Kenansville Lake - formerly Blue Cypress Reservoir

Indian River County

Kenansville LakeKenansville Lake is a shallow 2,500- acre impoundment with an average water depth of 3 feet. This area was cattle pasture prior to flooding in 1993. Boaters, especially those unfamiliar with this water body, should navigate with caution as there are rows of submerged fence posts throughout the lake. Interior levees are also located at the north, center and south areas of the lake. A single lane concrete boat ramp is the only facility on the site. The town of Kenansville is the closest place to obtain gas, food and bait. Although most anglers fish this area by boat, bank fishing is available along the access canal and north end of the lake for those willing to walk or ride a bicycle to those areas. The most popular fish species include: black crappie, bluegill, largemouth bass and catfish.

Anglers are reminded that all largemouth bass caught must be released immediately under the special no-harvest regulation.


Popular species:


Fish graphics by Duane Raver, Jr.


TrophyCatchTrophyCatch Tracker

TrophyCatch External link is FWC's citizen-science program that rewards anglers for documenting and releasing trophy bass 8 pounds or larger. The following TrophyCatch bass have been submitted from Kenansville Lake:

Lunker Club (8 – 9.9 pounds): 114

Trophy Club (10 – 12.9 pounds): 17

Hall of Fame Club (13+ pounds): 1


 Current Forecast:

Hurricane Irma reduced the coverage of hydrilla in the north half of Kenansville Lake and this area experienced an algae bloom over the winter. Plant cover was still thick in the south half. Navigation is a little easier with the lighter plant coverage. Anglers are still going to want to target vegetation edges and maybe punch into the plants to find the big ones. There are some pretty big mats of water hyacinth moving around out there. These can plug up the canal from the boat ramp to the lake depending on dominant wind. Access to the lake was blocked on numerous occasions in the past and a shift of wind can make all the difference between getting from the ramp to the lake or having to turn back. Have a plan B lake just in case. Lakes Marian, Jackson, Cypress or other nearby lake can be good options.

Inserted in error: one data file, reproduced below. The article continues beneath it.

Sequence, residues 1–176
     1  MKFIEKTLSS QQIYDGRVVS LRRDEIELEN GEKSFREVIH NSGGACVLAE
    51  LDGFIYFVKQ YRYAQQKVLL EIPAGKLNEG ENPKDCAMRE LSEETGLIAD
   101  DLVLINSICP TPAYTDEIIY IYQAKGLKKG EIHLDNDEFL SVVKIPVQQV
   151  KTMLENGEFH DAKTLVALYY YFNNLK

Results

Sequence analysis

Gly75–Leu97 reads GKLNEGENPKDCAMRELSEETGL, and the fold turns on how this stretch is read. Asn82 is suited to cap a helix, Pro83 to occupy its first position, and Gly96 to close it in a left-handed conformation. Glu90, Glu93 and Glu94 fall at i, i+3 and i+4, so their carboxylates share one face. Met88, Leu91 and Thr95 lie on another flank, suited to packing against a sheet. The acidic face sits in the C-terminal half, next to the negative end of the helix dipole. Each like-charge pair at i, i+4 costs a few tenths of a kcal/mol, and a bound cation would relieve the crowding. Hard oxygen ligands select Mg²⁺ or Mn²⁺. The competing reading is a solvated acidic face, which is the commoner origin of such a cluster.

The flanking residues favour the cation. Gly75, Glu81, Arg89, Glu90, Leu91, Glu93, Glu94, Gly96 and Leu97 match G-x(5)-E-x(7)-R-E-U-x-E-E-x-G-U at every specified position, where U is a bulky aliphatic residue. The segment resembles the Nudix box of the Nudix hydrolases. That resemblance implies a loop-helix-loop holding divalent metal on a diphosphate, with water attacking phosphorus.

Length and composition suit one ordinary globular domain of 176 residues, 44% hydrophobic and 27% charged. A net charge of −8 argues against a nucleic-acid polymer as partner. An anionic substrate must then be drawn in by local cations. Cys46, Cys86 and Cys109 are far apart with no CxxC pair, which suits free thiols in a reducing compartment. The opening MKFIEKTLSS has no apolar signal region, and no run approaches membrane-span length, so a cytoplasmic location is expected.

The hot shallow water can be a challenge to fish for bass in the summer but bream should be readily available. Anglers targeting bluegill and redear sunfish should be able to locate fair numbers of these panfish adjacent to levees and along submerged canal berms throughout the lake. Anglers may have to spend more time trying to pattern fish with all the hydrilla present throughout the lake. The usual live baits of crickets, red worms, and grass shrimp are best for bream. Black crappie anglers may want to begin by drifting live minnows slowly under a small float in the deeper waters along the north and east side of the lake but anglers may have to resort to targeting them in holes and along the edges of hydrilla.


FWC Facts:
A catfish has over 27,000 taste buds, more than any other animal.

Learn More at AskFWC